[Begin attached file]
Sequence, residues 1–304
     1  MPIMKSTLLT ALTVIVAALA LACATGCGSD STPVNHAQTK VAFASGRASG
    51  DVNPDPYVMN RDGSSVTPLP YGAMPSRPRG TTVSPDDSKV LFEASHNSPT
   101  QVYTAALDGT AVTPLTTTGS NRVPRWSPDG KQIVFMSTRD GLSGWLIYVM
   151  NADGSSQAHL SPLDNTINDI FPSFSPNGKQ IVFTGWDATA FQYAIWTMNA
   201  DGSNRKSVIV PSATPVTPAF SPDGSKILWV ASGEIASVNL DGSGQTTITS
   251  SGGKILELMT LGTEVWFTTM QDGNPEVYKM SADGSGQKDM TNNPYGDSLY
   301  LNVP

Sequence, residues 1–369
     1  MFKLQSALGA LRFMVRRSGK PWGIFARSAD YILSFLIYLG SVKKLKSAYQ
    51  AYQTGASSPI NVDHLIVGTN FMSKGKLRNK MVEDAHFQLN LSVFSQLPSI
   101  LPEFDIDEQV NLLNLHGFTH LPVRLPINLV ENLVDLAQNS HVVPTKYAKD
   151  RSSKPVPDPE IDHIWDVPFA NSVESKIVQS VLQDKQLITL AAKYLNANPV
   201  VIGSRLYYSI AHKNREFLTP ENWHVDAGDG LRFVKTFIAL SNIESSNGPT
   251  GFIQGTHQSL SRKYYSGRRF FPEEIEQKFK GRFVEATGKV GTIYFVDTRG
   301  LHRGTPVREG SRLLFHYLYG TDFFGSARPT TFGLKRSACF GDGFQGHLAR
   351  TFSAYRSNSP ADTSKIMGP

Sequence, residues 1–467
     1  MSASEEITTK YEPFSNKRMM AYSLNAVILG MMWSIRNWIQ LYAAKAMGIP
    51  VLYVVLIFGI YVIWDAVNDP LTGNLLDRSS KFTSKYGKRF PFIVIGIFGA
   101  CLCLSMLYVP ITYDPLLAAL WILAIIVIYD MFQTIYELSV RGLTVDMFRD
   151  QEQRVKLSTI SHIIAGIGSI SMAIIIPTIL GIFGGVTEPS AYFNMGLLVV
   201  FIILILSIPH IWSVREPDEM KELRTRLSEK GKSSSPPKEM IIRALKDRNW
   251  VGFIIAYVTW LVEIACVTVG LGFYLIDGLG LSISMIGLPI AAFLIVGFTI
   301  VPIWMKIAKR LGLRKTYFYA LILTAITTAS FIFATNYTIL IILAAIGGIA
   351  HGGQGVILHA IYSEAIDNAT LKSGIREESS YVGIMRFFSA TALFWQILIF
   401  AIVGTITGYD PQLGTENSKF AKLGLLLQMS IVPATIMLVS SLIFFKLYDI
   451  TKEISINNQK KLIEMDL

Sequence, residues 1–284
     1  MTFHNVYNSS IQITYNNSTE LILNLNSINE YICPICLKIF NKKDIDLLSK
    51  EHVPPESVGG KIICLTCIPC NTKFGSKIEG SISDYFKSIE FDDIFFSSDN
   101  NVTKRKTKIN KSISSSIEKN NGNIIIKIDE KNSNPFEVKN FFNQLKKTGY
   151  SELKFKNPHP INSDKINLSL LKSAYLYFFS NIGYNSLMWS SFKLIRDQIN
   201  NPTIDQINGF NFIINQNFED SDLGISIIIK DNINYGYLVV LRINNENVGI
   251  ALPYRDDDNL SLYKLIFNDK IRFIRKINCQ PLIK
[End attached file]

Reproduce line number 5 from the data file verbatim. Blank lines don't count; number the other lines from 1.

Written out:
   151  NADGSSQAHL SPLDNTINDI FPSFSPNGKQ IVFTGWDATA FQYAIWTMNA